The notion of categorising land as ‘productive’ or ‘unproductive’ traces back to British colonialism, which also disregarded the Indigenous peoples’ connection with their land.

In 1680, John Locke coined the term ‘wasteland’ in the  labour theory of property to denote the land that is not privately owned, or left unused. The idea of wasteland was systematically applied in the British colonies as a means to seize control of the land through privatisation to increase agricultural productivity and trade to benefit England.

However, angrez to chale gaye lekin idea of Wastelands chod gaye.

With this idea, the National Wastelands Development Board was formed in the 1990s. Currently, the Department of Land Resources in collaboration with the National Remote Sensing Centre under the Ministry of Rural Development is tasked to publish the Wasteland Atlas of India. This document serves as an important source of information for planning developmental activities.

“Availability of wastelands is one of the parameters for the planning of programmes under the Green India Mission (MoEF 2015), Watershed development (MoEF 2015) and is also consulted in the preparation of Environmental Impact Assessments/Environmental Management Plans (EIA/EMP) for developments projects under EIA notification of 2006”, writes Aparna Watve,  Coordinator, the IUCN SSC Western Ghats Plant Specialist Group, and part of the Rock Outcrops of India, in the  Economic and Political Weekly.

Laterite Plateaus for RRPCL

In the Wastelands Atlas of India, the laterite plateaus are categorised either as ‘barren rocky area’ or ‘land with dense/open scrub’ in case there is woody vegetation present. In 2008-2009,  the Wasteland Atlas recorded 60.36 of rocky barren area in district Ratnagiri and change  in its use was negligible by 2015-2016 when the total documented area was 60.13

Locally, in Marathi and Konkani, the laterite plateaus are referred as ‘Sada’. “Another meaning ascribed to Sada is ‘single’ or ‘bachelor man’ in Konkani”, said Aparna Watve.

The Rock Outcrops of India is dedicated for the conservation of plateaus, and Aparna Watve along with other members have documented the various plant and animal species that are found on Sadas during monsoon.

The laterite plateaus are not devoid of life. It is a biodiversity hotspot that supports flora and fauna, and local communities inhabiting around it, during monsoon and post-monsoon as well. Diverting this land towards RRPCL would potentially convert it into a ‘wasteland’ of toxic petrochemicals like we witness in William’s farm, and other refinery and petrochemical hubs that have polluted the water bodies, soil and atmosphere.

Post-monsoon view at Barsu plateau where Ratnagiri refinery will come up (PC:Fouziya Tehzeeb)

Placing John Locke’s definition of wasteland in context of laterite plateaus, it is not a ‘common land’ but private property of the local residents; it is not ‘neglected’ or ‘unproductive’ because locals cultivate and use this land for multiple purposes. However, it is a land that is ‘wholly left to nature’, as defined by Locke, that does not provide huge economic benefits to the State and its capitalistic apparatus.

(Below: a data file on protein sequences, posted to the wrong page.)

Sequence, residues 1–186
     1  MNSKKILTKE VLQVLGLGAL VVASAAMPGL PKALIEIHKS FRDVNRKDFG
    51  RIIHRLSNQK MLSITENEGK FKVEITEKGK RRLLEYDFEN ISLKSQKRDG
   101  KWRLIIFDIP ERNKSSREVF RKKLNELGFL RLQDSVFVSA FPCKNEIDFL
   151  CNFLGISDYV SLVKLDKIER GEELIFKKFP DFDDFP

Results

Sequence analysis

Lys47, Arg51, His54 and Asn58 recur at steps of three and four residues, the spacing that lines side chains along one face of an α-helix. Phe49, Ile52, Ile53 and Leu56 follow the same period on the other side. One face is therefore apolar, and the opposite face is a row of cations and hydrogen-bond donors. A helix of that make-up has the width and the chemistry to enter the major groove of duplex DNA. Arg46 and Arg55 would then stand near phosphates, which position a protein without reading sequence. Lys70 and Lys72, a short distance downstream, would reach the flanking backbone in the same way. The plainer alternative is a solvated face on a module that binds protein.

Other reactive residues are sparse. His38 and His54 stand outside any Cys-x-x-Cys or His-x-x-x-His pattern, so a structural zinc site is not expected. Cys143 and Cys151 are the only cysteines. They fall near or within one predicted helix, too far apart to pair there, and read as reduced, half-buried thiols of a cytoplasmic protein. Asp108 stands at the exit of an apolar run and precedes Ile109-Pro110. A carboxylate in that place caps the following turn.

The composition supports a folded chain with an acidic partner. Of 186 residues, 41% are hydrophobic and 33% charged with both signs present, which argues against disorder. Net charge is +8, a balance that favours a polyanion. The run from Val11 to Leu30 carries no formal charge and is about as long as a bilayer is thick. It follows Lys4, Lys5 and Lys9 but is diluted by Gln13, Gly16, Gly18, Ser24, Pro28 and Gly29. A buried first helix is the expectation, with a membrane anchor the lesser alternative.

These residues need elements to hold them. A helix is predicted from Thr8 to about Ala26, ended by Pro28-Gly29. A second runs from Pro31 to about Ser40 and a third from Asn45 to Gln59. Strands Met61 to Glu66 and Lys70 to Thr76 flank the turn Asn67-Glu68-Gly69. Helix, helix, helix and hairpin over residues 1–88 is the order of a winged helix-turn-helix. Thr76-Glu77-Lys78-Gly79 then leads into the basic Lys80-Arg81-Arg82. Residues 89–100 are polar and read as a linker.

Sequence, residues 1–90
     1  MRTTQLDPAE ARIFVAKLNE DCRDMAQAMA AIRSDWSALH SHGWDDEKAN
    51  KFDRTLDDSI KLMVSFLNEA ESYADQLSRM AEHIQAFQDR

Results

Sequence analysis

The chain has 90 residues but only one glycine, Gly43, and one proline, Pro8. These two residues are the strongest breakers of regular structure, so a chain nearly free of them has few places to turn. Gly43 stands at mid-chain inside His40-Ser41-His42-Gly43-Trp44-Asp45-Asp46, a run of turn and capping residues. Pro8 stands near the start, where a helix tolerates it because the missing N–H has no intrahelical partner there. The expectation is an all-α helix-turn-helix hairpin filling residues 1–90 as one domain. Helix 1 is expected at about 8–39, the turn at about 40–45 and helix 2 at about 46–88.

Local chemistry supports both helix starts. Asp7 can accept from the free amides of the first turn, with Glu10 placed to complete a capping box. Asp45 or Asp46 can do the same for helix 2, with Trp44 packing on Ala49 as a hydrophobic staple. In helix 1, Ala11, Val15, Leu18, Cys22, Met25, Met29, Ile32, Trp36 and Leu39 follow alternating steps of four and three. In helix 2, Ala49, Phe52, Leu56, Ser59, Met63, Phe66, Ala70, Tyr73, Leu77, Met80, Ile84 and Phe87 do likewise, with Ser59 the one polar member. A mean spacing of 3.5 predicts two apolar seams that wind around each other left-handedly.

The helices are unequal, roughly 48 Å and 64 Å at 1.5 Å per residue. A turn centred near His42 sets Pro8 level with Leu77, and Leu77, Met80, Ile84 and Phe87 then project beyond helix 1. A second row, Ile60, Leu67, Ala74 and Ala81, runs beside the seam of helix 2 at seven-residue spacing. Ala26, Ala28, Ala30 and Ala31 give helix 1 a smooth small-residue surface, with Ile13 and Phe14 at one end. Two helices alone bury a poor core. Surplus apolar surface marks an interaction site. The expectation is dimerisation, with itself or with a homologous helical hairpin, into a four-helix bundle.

The villages such as Barsu, Solgaon Goval, Ambolgad, Devache Gothane, Shivane Khurd and others which would be impacted by the RRPCL project are dependent on these plateaus for food and water. The rainwater percolates into the porous rocks which recharge the aquifers that provide drinking water to these villages that are sitting at the base of these plateaus. There is a potential risk of toxic chemical effluent discharge into the groundwater if RRPCL is constructed on this plateau.

In addition to cultivating rice and pulses on the plateau and harvesting fish and crabs in rock pools and freshwater streams on the Sada, the local communities collect endemic flowers such as Senecio and Utricularia for Matvi, an eco-cultural tradition practised in Ratnagiri during the Ganesh Chathurthi. The folk practice which Locke and his successors would have considered irrelevant for economic growth.

These laterite plateaus are not only home to flora and fauna, but, the local goat herders from the Dhangar tribe inhabit these plateaus for livestock grazing. Moreover, the 30,000 year old prehistoric petroglyphs, the art forms engraved on laterite rocks are proof that history of civilization and traditions on it predates British colonialism. Contrary to being a barren land, this land holds significance to its people and therefore, they have successfully resisted attempts to steal it from them.

Aparna Watve et al called for the change in Wasteland Atlas and wrote. “The fundamental changes in these classification of Indian lands is urgently needed to divest from the colonial premise of revenue generation and crop productivity as the only productive uses of land. It will ensure that the deprecatory view of Indian lands as ‘waste’ and associated land uses as ‘wasteful’ is buried once and for all”.